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Amazon released its first iteration of the Kindle e-Reader in November of 2007. As I’ve never been one to jump on the latest technology craze, the development was not even a blip on my radar (but if I had had some awareness of this new product, I surely would have been clutching my book-shaped pearls in response). It would be years before I acquired a Kindle of my own, and “acquired” is a nice way of putting it….

Luke is the technophile to my luddite and he was the happy recipient of a Kindle Paperwhite a few years into our marriage. I remained resistant to the lures of the Kindle sitting on Luke’s nightstand, but after Charleston was born, my reading life took a drastic turn. Now most of my reading was done holding a nursing baby, and at Luke’s suggestion I began borrowing his Kindle for much of my reading so that I didn’t have to struggle holding open a print book with one hand, or make do with reading on the Kindle app on my phone. Before long, my books had taken over Luke’s Kindle and Luke and I both had to acknowledge that “borrowing” had evolved into possession. The following Christmas, I thoughtfully 😉 gifted Luke with a Kindle of his own (one I promised not to steal) and claimed full ownership of his old one.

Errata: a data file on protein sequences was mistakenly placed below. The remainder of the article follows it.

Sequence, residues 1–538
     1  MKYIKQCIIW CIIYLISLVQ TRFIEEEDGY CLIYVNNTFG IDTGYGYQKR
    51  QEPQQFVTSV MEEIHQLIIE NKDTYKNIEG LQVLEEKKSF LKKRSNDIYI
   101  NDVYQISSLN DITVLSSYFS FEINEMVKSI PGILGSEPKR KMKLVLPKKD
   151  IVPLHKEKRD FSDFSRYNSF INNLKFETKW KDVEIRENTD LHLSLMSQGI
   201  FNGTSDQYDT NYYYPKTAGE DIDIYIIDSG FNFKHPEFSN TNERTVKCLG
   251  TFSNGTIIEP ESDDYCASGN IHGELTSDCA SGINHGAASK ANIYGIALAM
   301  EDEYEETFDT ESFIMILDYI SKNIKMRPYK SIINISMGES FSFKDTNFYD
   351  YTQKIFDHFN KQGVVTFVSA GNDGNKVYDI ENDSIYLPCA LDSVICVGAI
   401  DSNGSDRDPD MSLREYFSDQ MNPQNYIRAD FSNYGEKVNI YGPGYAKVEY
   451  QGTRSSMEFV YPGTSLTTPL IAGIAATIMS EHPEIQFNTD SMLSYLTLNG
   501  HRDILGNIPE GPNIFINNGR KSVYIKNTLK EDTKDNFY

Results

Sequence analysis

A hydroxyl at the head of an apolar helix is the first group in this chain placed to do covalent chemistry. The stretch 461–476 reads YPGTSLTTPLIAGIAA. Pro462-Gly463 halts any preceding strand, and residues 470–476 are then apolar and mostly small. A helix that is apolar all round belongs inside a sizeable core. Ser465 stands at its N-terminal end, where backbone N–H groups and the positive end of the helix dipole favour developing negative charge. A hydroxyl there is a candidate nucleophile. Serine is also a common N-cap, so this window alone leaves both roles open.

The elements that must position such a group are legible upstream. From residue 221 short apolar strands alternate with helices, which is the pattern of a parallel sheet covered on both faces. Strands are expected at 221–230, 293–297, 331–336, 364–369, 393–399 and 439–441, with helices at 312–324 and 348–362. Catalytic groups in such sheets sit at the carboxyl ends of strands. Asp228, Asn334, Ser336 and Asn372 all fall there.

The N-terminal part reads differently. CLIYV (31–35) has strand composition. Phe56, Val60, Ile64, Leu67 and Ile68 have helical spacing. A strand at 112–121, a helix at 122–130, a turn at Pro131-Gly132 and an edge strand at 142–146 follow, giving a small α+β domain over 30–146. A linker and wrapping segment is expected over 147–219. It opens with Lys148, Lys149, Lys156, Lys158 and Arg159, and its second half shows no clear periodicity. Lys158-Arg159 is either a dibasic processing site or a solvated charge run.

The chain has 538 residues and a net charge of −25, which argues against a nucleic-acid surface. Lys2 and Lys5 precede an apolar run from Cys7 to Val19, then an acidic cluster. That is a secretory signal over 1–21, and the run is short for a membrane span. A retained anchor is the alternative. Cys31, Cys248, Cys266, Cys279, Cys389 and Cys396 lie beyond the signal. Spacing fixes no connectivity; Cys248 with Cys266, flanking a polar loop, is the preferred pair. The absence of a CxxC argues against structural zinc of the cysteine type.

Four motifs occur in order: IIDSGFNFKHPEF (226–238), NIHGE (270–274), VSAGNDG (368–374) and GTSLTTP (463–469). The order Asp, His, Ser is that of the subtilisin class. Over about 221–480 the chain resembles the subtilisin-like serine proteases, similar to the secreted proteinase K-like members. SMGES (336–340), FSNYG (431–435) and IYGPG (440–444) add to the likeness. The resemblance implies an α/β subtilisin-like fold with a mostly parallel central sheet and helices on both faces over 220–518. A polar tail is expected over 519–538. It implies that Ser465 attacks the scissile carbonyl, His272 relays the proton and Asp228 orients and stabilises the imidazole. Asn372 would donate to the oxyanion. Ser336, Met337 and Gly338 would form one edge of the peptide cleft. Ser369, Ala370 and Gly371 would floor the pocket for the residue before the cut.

I have lost track of how many Kindle devices I’ve owned since: I have a terrible habit of dropping my Kindles, or leaving them behind, or simply using them to death. (To my credit, I only left my Kindle on the top of our van one time—since that day, no other Kindle of mine has died tragically at the side of Highway 183.) Kindle Reading has become such a crucial part of my reading life, it is a given that I will replace a missing or defunt device ASAP. I factor these replacements into my personal “fun money” budget, knowing that even at the rate of one (or at its worst three) new Kindles per year, its an expense I’m willing to pay.

So how did this paperbook purist evolve into a woman who does more than half of her reading on a digital device? I’m so glad you asked! Whether you, too, are a Kindle enthusiast or are still hesitant to trade your books for an e-reader, I’d love to share my reasons for loving my Kindle. This post may have you nodding in agreement, or quivering with outrage, or somewhere in between. Maybe you’re on the fence about switching over to an e-reader (or making better use of an e-reader you already own); if this is you, consider this your invitation to step over to the digital side!